Non-Competition Limits

Effective July 1, 2019, Florida law now prohibits non-compete agreements between a physician and an entity that employs or contracts with, either directly or indirectly, all physicians who practice the specialty within the same county.

Daubert Challenge

When addressing the above issues arising from the proposed legislation, the valuation expert should expect a possible Daubert challenge. A Daubert challenge occurs when the validity of an expert’s testimony is challenged because of faults in the underlying reasoning and methodology used to form their opinion.

Frye Standard

Established in Frye v. the United States, 293 F. 1013 (D.C. Cir. 1923), a court applying the Frye standard must determine whether or not experts generally accepted the method by which that evidence was obtained in the particular field in which it belongs. Many states and federal courts have abandoned the Frye standard, in favor of the Daubert standard.

Daubert Standard

In Florida, we no longer use the “general acceptance” test under Frye. Instead, we follow Rule 702 of the Federal Code, which is meant to be flexible and broader than the Frye standard. In 2000, Fed. R. Evid. 702 was amended to codify the elements from Daubert Rule 702, which reads:

A witness who is qualified as an expert by knowledge, skill, experience, training, or education may testify in the form of an opinion or otherwise if:

  1. The expert scientific, technical, or other specialized knowledge will help the trier understand the evidence or determine a fact in issue.
  2. The testimony is based on sufficient facts or data.
  3. The testimony is the product of reliable principles and methods.
  4. The expert has reliably applied the principles and methods to the facts of the case.

Note: A person does not need to have a professional license to be qualified as an expert witness.

Appraiser’s Viewpoint

When considering a potential Daubert Challenge, it is important to consider the report’s audience and how knowledgeable it is in business valuation, and whether it meets the audience’s requirements and expectations. For example, in the Florida family law setting, the Thompson “red dye theory” is commonly used where the mere indication of a non-competition agreement taints the enterprise value, leaving the “out spouse” truly without a share of the business. It is good to see the legislature moving to higher ground on this issue.

Quantification of Goodwill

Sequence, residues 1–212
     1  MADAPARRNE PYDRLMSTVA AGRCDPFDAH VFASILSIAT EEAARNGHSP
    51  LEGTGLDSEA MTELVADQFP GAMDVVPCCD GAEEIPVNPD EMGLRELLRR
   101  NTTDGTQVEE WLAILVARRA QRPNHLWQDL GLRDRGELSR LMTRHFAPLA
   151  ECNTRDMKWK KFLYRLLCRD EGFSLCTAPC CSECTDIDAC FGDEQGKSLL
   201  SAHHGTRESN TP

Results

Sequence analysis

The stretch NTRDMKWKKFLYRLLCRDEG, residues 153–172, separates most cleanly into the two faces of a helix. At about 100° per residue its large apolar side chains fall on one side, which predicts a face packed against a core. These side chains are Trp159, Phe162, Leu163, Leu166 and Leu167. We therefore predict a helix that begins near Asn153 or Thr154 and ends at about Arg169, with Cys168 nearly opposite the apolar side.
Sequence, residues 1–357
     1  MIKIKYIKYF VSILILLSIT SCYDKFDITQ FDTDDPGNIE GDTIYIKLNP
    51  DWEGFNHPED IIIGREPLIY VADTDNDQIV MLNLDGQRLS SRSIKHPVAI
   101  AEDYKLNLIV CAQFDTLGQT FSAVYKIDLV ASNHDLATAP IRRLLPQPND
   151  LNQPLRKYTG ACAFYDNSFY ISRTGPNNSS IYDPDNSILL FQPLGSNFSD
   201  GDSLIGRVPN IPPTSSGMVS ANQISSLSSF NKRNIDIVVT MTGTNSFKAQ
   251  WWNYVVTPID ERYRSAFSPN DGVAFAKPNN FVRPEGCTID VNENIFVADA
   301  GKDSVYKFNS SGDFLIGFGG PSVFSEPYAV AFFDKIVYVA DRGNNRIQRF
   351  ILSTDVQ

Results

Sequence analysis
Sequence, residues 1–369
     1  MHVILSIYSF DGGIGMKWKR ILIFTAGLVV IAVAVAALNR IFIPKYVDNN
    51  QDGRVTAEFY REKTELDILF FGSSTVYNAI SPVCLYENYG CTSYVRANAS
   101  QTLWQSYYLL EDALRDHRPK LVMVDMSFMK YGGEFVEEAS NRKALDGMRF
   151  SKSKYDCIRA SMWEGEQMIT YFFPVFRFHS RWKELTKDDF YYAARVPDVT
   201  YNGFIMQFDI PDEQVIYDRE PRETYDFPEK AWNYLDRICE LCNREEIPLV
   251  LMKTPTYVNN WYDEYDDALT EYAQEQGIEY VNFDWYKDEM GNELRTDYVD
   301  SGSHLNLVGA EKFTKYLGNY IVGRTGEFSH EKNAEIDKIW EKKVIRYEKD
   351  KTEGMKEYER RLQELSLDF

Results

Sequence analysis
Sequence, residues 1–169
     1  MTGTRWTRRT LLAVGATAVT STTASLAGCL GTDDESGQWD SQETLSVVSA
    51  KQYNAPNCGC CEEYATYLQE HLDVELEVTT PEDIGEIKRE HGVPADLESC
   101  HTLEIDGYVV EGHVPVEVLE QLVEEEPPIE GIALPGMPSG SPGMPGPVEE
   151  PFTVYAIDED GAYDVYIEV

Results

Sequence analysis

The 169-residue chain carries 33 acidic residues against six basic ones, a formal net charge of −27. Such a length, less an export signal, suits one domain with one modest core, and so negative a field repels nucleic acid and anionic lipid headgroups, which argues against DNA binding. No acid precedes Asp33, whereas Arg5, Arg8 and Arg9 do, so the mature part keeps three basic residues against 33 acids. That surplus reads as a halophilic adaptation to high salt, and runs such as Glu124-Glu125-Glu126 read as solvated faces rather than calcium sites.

As the expert in evaluating the enterprise and personal attributes for quantification, the following questions should be asked to arrive at the relevant importance of the value, respectively, of the closely-held business

Multi-attribute utility model chart.

The following section will show where the appraiser took the 9% ratio of personal goodwill and applied it as a discount of $7.4M to the company value.

Valuation Discount (Where to Find It)

A discount for personal goodwill and the assessment of non-competition value can be reflected in one of two ways:

Option #1 (Company-Specific Risk)

Company specific risk chart

Option #2 (Discount from Final Value)

Business Valuation Expert Witness

Questions to ask the business valuation, expert:

See also Bruce Parisi’s story on Private Placement investments for business valuation practitioners.

Story Contributors

Richard West, Esquire, Bruce Parisi, MBA, ASA, ARM and Thomas Gillmore, CPA/ABV/CFF, CFE contributed to this story.

Richard West. Photo c/o Richard West

Richard West, Esquire


Richard West is board certified in Marital and Family Law by the Florida Bar. Richard is a Fellow of the American Academy of Matrimonial Lawyers and a Diplomat of the American College of Family Trial Lawyers. He has been in private practice for more than 40 years specializing in marital and family law. He has extensive experience in cases dealing with complex financial matters, including the valuation of closely held corporations, professional practices, and incentive stock options. Richard is based in Orlando, Florida, at the West Family Law Group. Orlando, Florida, at the West Family Law Group.

Bruce Parisi. photo c/o Bruce Parisi.

Bruce Parisi, MBA, ASA, ARM


Bruce Parisi holds an MBA from Case Western Reserve University and has been an Accredited Senior Appraiser (ASA) since 2007, by the American Society of Appraisers, and has also been credentialed in Appraisal Review and Management since 2015. Bruce has been professionally involved in finance for more than 30 years. Bruce is based in the Chicago area and is the principal of Vulcan Advisory Services.

Thomas Gillmore. Photo c/o Thomas Gillmore.

Thomas Gillmore, CPA/ABV, CFF, CFE


Thomas Gillmore is a nationally recognized contributor to the profession of business valuation. His industry- accepted Simplified MUM procedures have twice been published by Business Valuation Resources, a national publication, initially in February 2016, and secondly, in their Business Valuation in Divorce, Case Law Compendium – Fourth Edition 2019. Tom’s Simplified MUM was presented in a conference at the 2018 South East Chapter of Business Appraisers and prevailed on appeal in the state of Illinois, in the family law matter of Preston v Preston; 2018 IL App (2d) 170656-U.